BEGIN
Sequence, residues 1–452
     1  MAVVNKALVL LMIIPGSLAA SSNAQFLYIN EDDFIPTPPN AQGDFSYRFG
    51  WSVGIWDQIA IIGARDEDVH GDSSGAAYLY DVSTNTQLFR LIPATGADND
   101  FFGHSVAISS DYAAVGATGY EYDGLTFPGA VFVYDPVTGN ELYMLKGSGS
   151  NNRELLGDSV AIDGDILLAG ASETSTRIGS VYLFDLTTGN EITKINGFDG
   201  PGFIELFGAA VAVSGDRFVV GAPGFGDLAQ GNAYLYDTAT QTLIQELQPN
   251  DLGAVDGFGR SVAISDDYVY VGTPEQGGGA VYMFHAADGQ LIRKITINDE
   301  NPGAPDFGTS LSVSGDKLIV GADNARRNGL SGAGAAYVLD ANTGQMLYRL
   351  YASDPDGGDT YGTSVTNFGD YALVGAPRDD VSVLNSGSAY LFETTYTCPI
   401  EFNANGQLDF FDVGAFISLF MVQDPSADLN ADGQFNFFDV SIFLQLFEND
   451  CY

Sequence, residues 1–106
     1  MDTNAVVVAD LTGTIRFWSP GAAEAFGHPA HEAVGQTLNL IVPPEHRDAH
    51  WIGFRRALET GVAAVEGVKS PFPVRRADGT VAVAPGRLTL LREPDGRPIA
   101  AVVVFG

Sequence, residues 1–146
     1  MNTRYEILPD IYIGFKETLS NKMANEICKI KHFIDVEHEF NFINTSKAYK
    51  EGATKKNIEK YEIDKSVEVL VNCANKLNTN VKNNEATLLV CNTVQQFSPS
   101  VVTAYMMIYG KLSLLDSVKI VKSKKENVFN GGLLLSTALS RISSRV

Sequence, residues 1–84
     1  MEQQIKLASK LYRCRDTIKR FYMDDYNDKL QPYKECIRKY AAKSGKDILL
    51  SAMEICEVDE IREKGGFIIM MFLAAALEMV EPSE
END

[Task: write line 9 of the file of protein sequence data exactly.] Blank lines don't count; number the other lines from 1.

   351  YASDPDGGDT YGTSVTNFGD YALVGAPRDD VSVLNSGSAY LFETTYTCPI